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Traditional Banking Has Failed, Equity Bank Boss Tells US-Africa Business Summit

– The traditional model of banking has failed, the CEO of East and Central
Africa’s largest bank in terms of deposits, Mr. James Mwangi, said today when
addressing a workshop on the future of Banking in Africa. The Equity Bank boss said
this failure is particularly evident in Africa, which has given his 25 year old
bank an advantage in tapping into the continent’s unbanked.

workshop was part of the 7th biennial US-Africa Business summit held in
Washington this week.

Mwangi told summit attendees that the future of
banking in his view lies in the convergence between banking and
telecoms.”Equity bank has 56% of all bank deposits in Kenya and through
its responsiveness to its customers has facilitated a high rate of savings by
its customers to the tune of US$900 million”, he said. Its success is also
due in part to its pioneering role in the micro financing movement in Africa
which has won it accolades globally.

Mwangi was the only African bank executive officially on the summit program to
participate in the critical workshops taking place during the week long event.

Equity bank boss attributed his bank’s success to the leveraging of economies
of scale and said the sector has been successful in lobbying Kenya’s baking
regulators to allow for what he called an “agency model”. He
described the model as one which will allow virtually any storefront with a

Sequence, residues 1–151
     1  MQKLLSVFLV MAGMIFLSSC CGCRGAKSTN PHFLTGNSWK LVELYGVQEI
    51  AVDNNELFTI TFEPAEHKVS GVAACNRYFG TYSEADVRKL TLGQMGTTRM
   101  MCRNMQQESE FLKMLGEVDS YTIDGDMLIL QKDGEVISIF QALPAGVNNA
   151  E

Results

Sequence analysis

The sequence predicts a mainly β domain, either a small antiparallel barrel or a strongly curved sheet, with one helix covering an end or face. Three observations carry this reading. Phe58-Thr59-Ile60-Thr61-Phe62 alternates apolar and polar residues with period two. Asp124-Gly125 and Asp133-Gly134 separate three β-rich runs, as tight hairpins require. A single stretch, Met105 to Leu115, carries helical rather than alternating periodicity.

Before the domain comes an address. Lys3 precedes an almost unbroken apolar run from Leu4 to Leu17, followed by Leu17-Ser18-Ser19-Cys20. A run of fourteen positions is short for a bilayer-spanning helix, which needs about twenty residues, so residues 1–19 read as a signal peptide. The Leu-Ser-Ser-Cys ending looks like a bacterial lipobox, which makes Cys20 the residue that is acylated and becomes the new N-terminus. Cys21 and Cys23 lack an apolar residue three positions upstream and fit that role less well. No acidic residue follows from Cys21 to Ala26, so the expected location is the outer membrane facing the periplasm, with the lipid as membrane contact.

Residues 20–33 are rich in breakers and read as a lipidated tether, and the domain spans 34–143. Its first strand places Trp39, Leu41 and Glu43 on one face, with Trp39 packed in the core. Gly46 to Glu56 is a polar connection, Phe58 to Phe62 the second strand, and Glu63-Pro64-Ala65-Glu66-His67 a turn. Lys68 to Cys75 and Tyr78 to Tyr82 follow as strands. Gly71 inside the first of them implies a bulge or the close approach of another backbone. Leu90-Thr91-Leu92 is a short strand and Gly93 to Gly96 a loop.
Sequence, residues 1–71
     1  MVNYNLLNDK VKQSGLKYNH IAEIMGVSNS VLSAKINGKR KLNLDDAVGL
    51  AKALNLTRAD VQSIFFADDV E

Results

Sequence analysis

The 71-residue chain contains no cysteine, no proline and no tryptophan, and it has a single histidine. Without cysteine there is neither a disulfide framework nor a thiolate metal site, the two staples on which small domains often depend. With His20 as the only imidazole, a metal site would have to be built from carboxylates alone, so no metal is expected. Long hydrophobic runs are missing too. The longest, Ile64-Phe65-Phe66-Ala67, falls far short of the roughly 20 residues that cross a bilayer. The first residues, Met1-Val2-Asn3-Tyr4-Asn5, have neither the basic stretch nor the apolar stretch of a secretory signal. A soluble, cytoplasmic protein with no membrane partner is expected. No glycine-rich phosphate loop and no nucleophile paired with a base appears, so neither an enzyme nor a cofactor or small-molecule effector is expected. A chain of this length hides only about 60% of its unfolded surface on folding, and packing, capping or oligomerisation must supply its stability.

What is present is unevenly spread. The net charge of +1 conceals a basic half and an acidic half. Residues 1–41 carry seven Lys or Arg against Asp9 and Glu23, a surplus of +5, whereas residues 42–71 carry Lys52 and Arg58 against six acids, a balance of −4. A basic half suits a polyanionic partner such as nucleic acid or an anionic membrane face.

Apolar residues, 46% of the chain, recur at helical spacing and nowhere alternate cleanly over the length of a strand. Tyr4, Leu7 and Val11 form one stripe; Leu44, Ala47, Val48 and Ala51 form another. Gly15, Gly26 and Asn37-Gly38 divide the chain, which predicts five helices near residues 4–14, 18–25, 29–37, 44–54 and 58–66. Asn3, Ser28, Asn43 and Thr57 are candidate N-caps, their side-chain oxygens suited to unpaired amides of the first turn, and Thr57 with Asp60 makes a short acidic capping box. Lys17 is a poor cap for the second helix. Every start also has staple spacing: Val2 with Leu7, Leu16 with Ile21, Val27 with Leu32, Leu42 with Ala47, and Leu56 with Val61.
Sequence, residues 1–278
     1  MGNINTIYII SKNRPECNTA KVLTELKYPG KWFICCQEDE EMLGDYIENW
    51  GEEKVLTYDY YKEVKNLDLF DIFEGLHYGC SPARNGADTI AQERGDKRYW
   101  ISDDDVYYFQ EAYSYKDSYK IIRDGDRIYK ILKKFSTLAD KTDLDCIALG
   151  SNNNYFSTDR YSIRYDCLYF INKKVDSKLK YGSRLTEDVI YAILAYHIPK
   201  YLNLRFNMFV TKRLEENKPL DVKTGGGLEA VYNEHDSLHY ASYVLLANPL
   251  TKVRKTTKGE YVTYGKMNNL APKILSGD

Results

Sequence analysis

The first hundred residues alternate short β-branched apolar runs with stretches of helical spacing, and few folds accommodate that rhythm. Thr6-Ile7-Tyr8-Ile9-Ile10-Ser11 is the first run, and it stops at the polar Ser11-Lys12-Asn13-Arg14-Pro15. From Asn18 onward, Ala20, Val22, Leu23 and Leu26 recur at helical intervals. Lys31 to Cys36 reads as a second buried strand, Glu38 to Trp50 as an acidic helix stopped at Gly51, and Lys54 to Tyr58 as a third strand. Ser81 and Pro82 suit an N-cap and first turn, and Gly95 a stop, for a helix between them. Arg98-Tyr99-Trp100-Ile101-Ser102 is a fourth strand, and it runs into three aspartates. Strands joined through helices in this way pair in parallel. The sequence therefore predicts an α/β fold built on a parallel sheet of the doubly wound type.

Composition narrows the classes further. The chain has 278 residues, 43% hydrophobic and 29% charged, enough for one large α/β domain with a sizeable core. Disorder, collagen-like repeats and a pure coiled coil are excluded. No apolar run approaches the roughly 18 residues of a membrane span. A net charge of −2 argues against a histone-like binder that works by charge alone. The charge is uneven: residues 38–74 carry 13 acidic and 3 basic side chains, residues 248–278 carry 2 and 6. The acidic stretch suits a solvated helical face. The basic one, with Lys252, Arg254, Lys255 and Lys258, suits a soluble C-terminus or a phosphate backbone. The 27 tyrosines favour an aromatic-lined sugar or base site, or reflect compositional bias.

cash register or credit card terminal to act as an agent for a bank by
performing some of the traditional banking functions of accepting deposits and
dispensing cash. “This is a great thing as it will save us a lot of
expenses”. Such expenses he said include the traditional brick and mortar
strategy that banks have employed for a long time.

In line
with his view that the traditional banking model has failed especially in Africa,
he foresees a business model that entails a high volume, low margin scenario
especially in developing countries “because in Africa many people have
very little money but do a lot of small transactions and as such we have to
accommodate that to keep them as customers, and the agency model and the
convergence of banking and telecoms will serve us well,” he told the
workshop. The cell phone boom in the country and the continent has created a
scenario that makes it possible for banks to tap into the unbanked as his bank
has done in the 25 years it has existed.

year’s US-Africa business summit, organized by the Corporate Council on Africa
(CCA), brought together over 1,500 leaders from the private and public sectors
in both Africa and the US. CCA is a membership organization of nearly 180 U.S.
companies dedicated to strengthening the commercial relationship between the
U.S. and Africa.

Secretary of State, Hilary Rodham Clinton, addressed the summit today.

About Tom Gitaa [1]

Tom is the President and Publisher of Mshale and chair of the Minnesota Multicultural Media Consortium (MMMC). As Mshale founder, he did a lot of the reporting during the humble beginnings of the newspaper. While he still does the occasional reporting, he now concentrates on the publishing side of the news operation.Tom was also the original host of Talking Drum, the signature current affairs show on the African Broadcasting Network (ABN-America), which was available nationwide in the United States via the DishNetwork satellite service. On the show, he interviewed Nobel laureates such as 2004 Nobel Peace prize winner, Professor Wangari Maathai, the first woman from Africa to win the peace prize and heads of states such as the president of  The Gambia, Yahya Jammeh at State House, Banjul. Tom has previously served in the board of directors of Global Minnesota, the sixth largest World Affairs Council in the United States. He has also previously served as President of the Board of Directors of Books for Africa, the largest shipper of donated books to Africa and. He sits on the board of the United Nations Association.

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